A value of fail indicates immediate failure, without queueing.
A value of queue indicates that queueing should not stop until the path is fixed.
rr_min_io Specifies the number of I/O requests to route to a path before switching to the next path in the current path group. This setting is only for systems running kernels older that 2.6.31. Newer systems should use rr_min_io_rq. The default value is 1000.
rr_min_io_rq Specifies the number of I/O requests to route to a path before switching to the next path in the current path group, using request-based device-mapper-multipath. This setting should be used on systems running current kernels. On systems running kernels older than 2.6.31, use rr_min_io. The default value is 1.
rr_weight If set to priorities, then instead of sending rr_min_io requests to a path before calling path_selector to choose the next path, the number of requests to send is determined by rr_min_io times the path's priority, as determined by the prio function. If set to uniform, all path weights are equal.
flush_on_last_del If set to yes, then multipath will disable queueing when the last path to a device has been deleted.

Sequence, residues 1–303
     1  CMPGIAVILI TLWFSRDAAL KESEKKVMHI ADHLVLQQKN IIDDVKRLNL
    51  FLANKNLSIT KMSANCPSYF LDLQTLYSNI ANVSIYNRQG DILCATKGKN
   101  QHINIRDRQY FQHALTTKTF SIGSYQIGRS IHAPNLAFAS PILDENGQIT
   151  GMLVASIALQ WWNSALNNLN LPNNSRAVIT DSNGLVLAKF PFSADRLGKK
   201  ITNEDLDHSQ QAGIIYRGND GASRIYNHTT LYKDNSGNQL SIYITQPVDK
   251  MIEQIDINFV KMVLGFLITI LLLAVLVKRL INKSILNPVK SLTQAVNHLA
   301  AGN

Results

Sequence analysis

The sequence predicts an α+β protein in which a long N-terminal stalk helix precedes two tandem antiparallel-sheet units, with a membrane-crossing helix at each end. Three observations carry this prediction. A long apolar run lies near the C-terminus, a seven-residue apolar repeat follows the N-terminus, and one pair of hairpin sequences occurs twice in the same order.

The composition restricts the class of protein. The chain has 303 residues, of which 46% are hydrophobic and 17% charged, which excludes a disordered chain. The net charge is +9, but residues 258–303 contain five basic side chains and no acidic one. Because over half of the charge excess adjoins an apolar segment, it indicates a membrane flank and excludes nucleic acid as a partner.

user_friendly_names If set to yes, specifies that the system should use the /etc/multipath/bindings file to assign a persistent and unique alias to the multipath, in the form of mpathn. If set to no, specifies that the system should use use the WWID as the alias for the multipath. In either case, what is specified here will be overridden by any device-specific aliases you specify in the multipaths section of the configuration file.

The following example shows multipath attributes specified in the configuration file for two specific multipath devices. The first device has a WWID of 3600508b4000156d70001200000b0000 and a symbolic name of yellow.
The second multipath device in the example has a WWID of 1DEC_____321816758474 and a symbolic name of red. In this example, the rr_weight attributes is set to priorities.
multipaths {
       multipath {